“They’ll always know how to find you.”
I felt pretty ambivalent about Under the Shadow, a recent addition to the 1001 List that I don’t expect will remain there for very long. The movie has had great acclaim among those who have seen it, and it was the English submission for best foreign-language film at the Oscars, although it didn’t earn the nomination. I think this is a really smart film by someone who clearly knows how to make a movie, but I don’t think it was ever entertaining or original enough to get me invested, even though it seemed right up my alley.
Shideh (Narges Rashidi) is a former medical student in Tehran during the Iran-Iraq War in the 80s. Shut out by societal norms and verbally berated by her husband for her progressive views, she is left alone to care for her daughter Dorsa when her husband is drafted for medical work in the military. Her stressful life only worsens as a missile finds its way into her apartment building, and her neighbor suggests it may be carrying evil spirits.
My biggest problem with the film is the use of boring genre tropes, no matter how disguised they are. The film is slower than the typical supernatural horror movie, but it plays out the same way, only with more suspense. Many critics claim the film is two movies: first-part social drama and second-party horror. It makes sense given the slow-burn introduction to the supernatural elements, but the first-half also felt like a lot of exposition for what the movie ultimately wasn’t. Under the Shadow is a really unique historical geographical piece, but it still feels like Annabelle or the Poltergeist remake, a tiresome rehash of the same thrill sequences.
The movie is still better than those other movies, of course, for a number of reasons. Its style is distinct, and it has some really unique visual choices that make the movie memorable on an aesthetic level. Thematically, too, there’s a lot more to play around with. The anti-woman society feels like an additional, powerful antagonist in the film, and for a while I wondered if that was what the movie was about. By the end, though, I wasn’t convinced. Under the Shadow wraps up with a familiar cat-and-mouse showdown with a demon that feels all too familiar, and I don’t think any themes relating to Sharia law or social conservatism were followed through, even though they were promised. The film goes for subtlety, but for me, it missed the mark and fell into tedium.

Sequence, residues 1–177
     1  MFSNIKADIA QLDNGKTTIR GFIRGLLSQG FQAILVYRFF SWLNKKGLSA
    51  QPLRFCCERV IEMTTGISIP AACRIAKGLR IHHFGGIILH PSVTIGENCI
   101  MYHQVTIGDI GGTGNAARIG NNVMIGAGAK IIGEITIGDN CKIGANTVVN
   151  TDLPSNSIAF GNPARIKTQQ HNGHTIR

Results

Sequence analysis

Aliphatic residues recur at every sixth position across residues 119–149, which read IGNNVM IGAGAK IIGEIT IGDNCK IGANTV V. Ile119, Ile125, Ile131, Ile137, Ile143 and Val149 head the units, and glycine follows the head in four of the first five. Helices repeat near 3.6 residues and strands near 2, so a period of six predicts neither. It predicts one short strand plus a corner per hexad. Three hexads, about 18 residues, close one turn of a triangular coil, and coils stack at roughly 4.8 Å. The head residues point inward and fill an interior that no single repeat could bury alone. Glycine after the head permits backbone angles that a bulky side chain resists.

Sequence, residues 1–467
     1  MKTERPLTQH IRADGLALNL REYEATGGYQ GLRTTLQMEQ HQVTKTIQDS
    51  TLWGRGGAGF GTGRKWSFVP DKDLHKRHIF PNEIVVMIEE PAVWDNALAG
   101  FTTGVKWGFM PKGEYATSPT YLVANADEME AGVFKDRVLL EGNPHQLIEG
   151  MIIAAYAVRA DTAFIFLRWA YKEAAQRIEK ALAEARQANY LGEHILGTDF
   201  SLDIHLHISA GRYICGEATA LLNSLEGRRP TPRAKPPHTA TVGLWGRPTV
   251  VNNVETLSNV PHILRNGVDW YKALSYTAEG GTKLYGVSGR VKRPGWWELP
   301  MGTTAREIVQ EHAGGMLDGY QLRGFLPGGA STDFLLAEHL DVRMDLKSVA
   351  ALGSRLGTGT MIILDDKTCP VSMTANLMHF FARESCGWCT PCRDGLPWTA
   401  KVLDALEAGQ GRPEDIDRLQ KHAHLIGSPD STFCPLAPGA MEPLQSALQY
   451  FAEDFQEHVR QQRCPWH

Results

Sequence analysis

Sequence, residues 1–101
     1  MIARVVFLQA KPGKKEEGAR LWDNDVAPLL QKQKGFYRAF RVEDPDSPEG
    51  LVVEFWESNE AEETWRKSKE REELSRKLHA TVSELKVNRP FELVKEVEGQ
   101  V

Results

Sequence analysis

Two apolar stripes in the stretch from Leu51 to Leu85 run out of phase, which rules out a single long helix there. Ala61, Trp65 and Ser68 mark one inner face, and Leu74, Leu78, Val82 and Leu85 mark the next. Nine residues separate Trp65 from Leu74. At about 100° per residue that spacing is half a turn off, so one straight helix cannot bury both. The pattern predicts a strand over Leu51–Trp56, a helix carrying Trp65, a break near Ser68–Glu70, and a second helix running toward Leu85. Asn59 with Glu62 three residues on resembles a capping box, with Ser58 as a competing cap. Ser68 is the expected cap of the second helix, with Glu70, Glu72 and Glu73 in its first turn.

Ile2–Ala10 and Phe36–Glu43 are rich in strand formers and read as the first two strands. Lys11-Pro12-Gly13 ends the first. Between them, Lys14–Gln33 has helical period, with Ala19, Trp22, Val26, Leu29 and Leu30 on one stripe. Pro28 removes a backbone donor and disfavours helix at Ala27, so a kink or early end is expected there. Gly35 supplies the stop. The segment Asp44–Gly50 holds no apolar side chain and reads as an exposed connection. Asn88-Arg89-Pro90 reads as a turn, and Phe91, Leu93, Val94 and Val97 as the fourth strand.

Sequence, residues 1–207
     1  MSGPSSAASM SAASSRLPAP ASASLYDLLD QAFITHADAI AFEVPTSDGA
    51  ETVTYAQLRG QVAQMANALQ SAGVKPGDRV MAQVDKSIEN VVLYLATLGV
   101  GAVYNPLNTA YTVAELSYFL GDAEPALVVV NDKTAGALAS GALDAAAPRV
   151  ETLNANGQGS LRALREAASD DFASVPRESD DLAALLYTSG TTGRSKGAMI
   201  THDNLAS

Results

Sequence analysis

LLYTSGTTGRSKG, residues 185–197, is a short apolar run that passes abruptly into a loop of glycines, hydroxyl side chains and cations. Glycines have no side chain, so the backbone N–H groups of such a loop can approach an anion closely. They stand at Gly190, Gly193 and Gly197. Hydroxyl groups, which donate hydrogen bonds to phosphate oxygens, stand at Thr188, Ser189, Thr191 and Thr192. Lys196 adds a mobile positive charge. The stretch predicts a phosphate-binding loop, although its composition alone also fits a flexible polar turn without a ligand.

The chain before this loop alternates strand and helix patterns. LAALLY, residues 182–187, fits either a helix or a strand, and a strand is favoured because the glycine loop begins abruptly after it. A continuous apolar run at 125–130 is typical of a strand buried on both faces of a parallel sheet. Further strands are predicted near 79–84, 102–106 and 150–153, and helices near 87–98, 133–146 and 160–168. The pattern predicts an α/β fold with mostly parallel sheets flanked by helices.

I’d like to revisit Under the Shadow in the future because it feels like a good movie. It’s shot with precision, visual flair, and unquestionable talent, but I just couldn’t find myself enjoying it. I think if it went farther with its themes or had a more unique twist on the supernatural thriller, I could have fallen in love with the movie. I was hooked from the synopsis, but I gradually lost interest when I didn’t feel that the potential of the film was being realized. I want to see a horror movie where Sharia law is the demon, not just a plot point. If any movie wanted to take a stab at a similar concept, I’d be on board right away.
Films Left to Watch: 859